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Thursday, November 11, 1999 Published at 18:59 GMT

World: Africa

UN team starts work in Congo

Rebel-held areas will be the UN forces' first destination

By Stephanie Wouters in Kinshasa

The United Nations has begun its deployment of military liaison officers throughout the Democratic Republic of Congo - a significant step forward in the implementation of the Lusaka peace accord signed in August.

Battle for the heart of Africa
After three weeks of waiting in the capital, an 11-member team of UN technical experts in humanitarian, logistical and military affairs left Kinshasa's Ndjili international airport on Thursday morning for the rebel-held city of Gbadolite, from where they will travel to several other cities in rebel-held areas on a one-week tour.

Their departure came after the government granted what UN officials described as sufficient security guarantees.

The team has not yet received permission from the government to deploy its personnel in government-held areas. The deployment of the technical team is a prerequisite step in the evaluation of any UN peacekeeping mission, and its mandate does not include judging the military situation, or verifying claims of ceasefire violations.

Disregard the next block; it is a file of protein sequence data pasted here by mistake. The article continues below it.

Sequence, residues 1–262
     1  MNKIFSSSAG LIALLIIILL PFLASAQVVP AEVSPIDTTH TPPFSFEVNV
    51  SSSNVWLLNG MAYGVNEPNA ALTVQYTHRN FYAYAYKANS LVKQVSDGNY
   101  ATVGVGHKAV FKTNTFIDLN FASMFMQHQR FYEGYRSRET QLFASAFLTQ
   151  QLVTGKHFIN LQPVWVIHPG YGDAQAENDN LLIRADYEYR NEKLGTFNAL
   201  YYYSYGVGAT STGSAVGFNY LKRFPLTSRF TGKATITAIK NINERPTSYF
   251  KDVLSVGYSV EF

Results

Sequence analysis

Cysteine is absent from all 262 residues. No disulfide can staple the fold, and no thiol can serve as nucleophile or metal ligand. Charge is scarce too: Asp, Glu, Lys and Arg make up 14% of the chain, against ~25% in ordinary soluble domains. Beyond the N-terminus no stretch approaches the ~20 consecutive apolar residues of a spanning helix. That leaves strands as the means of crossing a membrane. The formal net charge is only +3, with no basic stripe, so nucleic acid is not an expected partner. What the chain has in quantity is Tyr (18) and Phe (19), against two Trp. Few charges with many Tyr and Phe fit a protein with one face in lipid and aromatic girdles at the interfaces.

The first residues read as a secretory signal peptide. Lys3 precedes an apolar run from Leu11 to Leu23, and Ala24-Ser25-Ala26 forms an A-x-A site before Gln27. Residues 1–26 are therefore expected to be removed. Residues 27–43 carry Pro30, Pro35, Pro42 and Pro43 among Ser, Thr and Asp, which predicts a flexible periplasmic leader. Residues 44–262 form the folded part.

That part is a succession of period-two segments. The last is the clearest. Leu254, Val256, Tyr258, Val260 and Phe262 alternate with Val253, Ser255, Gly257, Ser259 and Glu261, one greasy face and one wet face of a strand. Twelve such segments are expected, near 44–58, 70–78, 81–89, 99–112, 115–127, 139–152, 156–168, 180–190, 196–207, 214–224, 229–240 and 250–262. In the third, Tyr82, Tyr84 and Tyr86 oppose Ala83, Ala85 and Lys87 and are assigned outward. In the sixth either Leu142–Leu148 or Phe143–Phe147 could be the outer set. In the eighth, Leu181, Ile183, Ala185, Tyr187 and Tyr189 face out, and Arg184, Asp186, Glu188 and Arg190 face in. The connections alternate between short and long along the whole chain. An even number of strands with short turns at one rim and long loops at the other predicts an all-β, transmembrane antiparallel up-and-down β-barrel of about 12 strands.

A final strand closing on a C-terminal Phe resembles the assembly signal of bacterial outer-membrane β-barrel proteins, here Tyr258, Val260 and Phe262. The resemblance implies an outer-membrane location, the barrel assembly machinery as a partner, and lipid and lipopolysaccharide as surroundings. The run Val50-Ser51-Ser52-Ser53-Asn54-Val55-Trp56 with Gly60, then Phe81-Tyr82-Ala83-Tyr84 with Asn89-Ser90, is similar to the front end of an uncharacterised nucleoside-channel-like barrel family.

The delay in the team's deployment was caused largely by the Congolese Government's refusal to grant the UN full security guarantees which include not only the physical safety of UN personnel, but also the right to freedom of movement and to work in confidentiality.

Security guarantees

Colonel James Ellery, the head of the UN observer mission in Congo, told the BBC that the government had now granted sufficient security guarantees in order for the UN to deploy its personnel.

The government's decision, UN officials say, is a direct result of several meetings between President Laurent Kabila and Moustaffa Niasse, the UN special envoy to the Congo, who left Kinshasa on Wednesday after a three-day visit.

Members of the UN mission in Kinshasa told the BBC that the deployment of the technical team is a significant step forward, but that much work still lies ahead, notably in getting the government's permission to deploy the technical team in government-held areas.

The UN Security Council has put off the planned deployment of up to 500 military observers until the technical team has made its full assessment.

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